When Dean McHone first heard the phrase “behind the stick,” he had to pretend like he had any clue what it meant.

McHone, the general manager of Comfort Station cocktail bar and Circle Hospitality Group in Cincinnati, Ohio, first heard the term in 2017, when he started stepping behind the bar. “I think it was a coworker who just casually referred to it, saying: ‘Oh yeah, it’s been a minute since I’ve been behind the stick,’ or, ‘It’s fun to be behind the stick with you,’” says McHone, “And I just replied: ‘Oh yeah, the stick! Right! I love the stick!’”

Encountering this confusing slang is almost a rite of passage for bartenders across the United States, but the actual origins of the phrase remain ambiguous. According to a New York Times Magazine article written in 1981, the phrase comes from the usage of beer tabs to pull drafts, with one bartender positing that the phrase is a metaphor: “’Wherever you work, you are ‘behind the stick,’ whether there is one or not.”

Don't miss a drop!
Get the latest in beer, wine, and cocktail culture sent straight to your inbox.

“Behind the stick comes from being behind a wooden bar,” says McHone. “As far as I understand, it’s when you’re behind a big, massive log that was traditionally used as a bar top. At a couple of our bars, we do have a wooden bar top — and we are very much behind it.”

But there are many different versions as to what the “stick” actually is, whether it be the tabs, the bar itself, or the bar spoon used for stirring.“It really means being able to roll with the punches and work as a group collaboratively,” says McHone. “In the best sense, there’s kind of an us-versus-them mentality where when you walk behind that bar — it’s you and maybe one other person. You are about to be really busy. You’re about to make a lot of drinks and you’re going to really focus on making as many people happy as possible”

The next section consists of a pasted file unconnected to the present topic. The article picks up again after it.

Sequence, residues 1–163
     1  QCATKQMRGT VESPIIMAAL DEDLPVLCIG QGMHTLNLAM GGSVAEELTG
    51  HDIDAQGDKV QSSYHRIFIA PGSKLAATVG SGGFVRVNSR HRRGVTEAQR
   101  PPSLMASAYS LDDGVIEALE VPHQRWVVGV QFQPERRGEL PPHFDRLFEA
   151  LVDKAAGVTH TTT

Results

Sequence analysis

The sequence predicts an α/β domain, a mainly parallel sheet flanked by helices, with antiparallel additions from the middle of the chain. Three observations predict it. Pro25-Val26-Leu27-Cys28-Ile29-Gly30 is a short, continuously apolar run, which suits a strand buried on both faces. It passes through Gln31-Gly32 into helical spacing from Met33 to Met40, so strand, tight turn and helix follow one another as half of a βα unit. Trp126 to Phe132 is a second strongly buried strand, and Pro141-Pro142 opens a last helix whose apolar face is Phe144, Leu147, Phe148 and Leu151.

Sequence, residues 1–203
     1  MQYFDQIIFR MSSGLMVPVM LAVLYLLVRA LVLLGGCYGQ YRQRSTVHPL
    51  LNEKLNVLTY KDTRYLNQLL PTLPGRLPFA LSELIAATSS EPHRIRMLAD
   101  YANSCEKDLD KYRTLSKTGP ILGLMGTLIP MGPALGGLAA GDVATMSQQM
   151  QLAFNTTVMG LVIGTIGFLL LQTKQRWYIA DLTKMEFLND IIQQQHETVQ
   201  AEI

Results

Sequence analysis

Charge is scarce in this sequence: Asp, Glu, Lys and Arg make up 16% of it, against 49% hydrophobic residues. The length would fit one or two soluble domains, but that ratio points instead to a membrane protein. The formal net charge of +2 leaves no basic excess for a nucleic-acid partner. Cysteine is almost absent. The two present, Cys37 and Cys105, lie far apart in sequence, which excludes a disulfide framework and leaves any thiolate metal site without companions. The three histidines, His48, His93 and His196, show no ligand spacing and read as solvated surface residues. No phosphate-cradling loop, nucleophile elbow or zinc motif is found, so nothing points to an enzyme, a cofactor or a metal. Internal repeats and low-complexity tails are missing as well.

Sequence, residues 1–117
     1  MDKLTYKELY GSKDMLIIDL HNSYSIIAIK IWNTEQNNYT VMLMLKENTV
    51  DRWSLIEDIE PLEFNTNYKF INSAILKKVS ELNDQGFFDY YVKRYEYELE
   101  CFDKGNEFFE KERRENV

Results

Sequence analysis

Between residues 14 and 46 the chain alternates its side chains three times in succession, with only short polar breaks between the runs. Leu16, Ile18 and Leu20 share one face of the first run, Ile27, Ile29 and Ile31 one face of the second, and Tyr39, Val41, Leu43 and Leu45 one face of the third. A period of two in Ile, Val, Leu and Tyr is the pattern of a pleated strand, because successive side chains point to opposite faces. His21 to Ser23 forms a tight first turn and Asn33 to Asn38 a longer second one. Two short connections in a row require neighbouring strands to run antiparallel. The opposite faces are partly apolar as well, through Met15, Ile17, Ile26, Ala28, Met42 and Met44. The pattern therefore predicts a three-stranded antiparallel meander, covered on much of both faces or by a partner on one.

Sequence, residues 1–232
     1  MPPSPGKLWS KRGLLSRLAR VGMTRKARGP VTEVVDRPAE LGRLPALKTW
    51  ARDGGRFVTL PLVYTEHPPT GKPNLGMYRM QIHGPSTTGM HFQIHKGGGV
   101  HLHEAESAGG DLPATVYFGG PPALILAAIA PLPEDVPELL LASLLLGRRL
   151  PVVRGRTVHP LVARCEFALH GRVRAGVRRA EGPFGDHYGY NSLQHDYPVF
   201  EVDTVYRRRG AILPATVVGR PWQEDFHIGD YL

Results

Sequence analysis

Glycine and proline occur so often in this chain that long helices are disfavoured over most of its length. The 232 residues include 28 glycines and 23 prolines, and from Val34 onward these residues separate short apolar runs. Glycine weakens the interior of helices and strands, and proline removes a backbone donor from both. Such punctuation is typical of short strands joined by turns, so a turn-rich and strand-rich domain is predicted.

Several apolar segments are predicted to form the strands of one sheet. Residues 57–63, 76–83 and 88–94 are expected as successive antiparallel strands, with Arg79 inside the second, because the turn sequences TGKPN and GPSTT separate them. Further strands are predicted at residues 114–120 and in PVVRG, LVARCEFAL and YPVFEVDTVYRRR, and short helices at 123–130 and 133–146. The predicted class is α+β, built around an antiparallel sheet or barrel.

Being bamboozled about “behind the stick” is something of an initiation for young bartenders, who might have to do their own covert little Google searches in the middle of service. To McHone, weird terms like this are important to pass along, and he hopes there will continue to be a shroud of mystery surrounding it so that it feels like a special piece of information. “It isn’t exactly a ‘precious’ term; anyone can use it,” he explains, but what is important is the sense of camaraderie that lingo like this brings.

“Occasionally, I will walk behind the bar, and I will just casually take one of my new bartenders and say, ‘Hey, you know what, I really like being behind the stick with you,’ or, ‘It feels good to be behind the stick with you.’” says McHone. “And they just look at me and nod, and we go about our business.”